Urban Renewal, we’re still hearing voices

by | Feb 25, 2015

Spirit Houses

Lessons learned from the tragedy of urban renewal has become my unofficial theme lately. Last month I wrote a post about Tallahassee’s Cascades Park and the commemoration of the award-winning “Spirit Houses” of Smokey Hollow.  This post is an update to the story. Smokey Hollow was a  community of mostly  African American workers who were employed by the nearby municipal utility department. From the point of view of an outsider, the homes were considered slums and were targeted for demolition in the 1960s so urban renewal funds were used to scrape the area. Shockingly, the residents were not compensated for their property, nor were they helped to relocate.  Tallahassee is now striving to resurrect  the memory of Smokey Hollow and atone for the past. The final phase of the “Spirit Houses” memorial at Cascades Park includes adding fruit trees and vegetable gardens typical of the kind the residents would have planted in their yards.  The gardens provided not only a cheap source of food, but the underpinnings for holding the community together.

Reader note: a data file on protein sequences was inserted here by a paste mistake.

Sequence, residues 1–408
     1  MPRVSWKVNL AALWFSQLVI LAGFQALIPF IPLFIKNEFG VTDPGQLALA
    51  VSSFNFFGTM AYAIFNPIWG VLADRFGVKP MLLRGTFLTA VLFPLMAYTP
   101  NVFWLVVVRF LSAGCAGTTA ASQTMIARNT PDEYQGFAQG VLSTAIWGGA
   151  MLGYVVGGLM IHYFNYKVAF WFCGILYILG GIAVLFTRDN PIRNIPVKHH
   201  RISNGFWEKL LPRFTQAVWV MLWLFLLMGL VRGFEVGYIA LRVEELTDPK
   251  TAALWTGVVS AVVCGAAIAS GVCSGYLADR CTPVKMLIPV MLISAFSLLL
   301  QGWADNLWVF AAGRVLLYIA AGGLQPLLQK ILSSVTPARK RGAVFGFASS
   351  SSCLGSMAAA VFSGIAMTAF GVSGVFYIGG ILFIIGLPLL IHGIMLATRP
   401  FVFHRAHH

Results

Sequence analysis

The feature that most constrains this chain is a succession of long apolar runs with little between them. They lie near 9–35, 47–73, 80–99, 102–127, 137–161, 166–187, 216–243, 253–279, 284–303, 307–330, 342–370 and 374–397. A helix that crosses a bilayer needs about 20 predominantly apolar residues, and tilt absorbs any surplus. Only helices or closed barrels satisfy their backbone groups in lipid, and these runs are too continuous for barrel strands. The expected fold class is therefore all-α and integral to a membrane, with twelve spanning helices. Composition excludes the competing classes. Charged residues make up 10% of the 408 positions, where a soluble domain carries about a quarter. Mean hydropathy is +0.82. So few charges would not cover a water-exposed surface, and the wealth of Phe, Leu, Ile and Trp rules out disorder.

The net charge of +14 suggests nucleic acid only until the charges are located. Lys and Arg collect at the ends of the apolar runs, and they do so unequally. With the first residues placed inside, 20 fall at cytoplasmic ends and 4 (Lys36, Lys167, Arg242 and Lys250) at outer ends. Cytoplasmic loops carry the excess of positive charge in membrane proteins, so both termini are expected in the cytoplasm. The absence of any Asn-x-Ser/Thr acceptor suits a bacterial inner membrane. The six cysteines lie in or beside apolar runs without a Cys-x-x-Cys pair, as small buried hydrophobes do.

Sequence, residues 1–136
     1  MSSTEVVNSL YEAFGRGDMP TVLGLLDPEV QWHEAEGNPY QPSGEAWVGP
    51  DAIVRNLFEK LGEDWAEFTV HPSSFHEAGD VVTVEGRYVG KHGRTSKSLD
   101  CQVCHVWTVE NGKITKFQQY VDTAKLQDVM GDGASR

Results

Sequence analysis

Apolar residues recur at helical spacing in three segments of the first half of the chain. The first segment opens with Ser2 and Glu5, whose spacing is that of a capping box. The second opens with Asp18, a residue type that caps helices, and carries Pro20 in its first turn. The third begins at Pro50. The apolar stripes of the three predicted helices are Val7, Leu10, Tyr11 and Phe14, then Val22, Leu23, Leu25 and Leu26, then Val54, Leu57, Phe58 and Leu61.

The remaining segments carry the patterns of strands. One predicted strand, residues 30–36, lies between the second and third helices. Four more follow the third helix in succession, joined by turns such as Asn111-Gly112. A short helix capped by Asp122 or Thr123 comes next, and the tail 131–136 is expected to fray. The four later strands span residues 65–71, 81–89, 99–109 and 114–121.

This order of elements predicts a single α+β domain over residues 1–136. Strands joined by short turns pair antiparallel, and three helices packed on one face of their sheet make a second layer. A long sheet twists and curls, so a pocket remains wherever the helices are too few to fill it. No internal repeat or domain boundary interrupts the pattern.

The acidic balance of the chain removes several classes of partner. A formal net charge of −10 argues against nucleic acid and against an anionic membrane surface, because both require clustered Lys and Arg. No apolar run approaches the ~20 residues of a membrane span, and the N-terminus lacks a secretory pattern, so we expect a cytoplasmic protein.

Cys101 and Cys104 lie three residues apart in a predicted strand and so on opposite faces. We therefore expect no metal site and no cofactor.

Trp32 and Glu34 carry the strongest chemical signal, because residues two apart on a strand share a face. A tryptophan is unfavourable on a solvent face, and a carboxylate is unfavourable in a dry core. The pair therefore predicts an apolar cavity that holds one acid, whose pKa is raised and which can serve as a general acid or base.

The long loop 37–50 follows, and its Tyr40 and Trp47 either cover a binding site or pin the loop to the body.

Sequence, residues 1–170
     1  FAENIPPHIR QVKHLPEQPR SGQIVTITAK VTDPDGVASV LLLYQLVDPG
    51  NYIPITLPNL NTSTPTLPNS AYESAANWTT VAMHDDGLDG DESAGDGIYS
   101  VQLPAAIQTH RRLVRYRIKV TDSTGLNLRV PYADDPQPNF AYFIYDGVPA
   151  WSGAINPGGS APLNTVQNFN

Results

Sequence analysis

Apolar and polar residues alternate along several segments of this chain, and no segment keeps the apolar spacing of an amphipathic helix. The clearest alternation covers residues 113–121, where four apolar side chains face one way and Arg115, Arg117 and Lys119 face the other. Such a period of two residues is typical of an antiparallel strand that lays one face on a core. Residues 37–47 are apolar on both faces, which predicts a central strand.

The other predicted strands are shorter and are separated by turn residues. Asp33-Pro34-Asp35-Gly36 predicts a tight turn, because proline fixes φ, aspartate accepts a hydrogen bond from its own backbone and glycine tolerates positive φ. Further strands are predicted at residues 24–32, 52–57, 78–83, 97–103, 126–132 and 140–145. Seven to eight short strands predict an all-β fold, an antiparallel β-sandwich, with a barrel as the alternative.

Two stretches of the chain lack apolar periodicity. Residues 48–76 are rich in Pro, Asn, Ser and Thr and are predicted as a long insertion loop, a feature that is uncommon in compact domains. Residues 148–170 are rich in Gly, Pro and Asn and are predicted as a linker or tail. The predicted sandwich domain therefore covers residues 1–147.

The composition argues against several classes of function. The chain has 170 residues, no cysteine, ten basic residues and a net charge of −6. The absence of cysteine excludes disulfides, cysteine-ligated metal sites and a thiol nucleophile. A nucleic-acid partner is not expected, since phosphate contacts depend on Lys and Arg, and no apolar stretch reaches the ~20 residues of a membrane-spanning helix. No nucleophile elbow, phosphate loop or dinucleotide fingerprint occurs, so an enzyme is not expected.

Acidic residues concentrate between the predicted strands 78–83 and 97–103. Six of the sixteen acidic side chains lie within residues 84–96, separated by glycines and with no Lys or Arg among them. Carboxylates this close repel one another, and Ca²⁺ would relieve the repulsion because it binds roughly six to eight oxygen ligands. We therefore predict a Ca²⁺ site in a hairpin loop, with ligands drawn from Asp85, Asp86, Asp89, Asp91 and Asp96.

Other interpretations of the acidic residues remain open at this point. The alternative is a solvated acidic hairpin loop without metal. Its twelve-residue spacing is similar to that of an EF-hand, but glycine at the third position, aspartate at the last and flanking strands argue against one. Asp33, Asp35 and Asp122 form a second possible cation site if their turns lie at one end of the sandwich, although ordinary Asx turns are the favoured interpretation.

Spirit Houses

The Smokey Hallow “Spirit Houses” Commemoration, honoring the African-American community that once stood in Cascades Park is reflected in a fountain.
Cascades Park, Tallahassee.
Photo by Colin Hackley

Kyle Pierson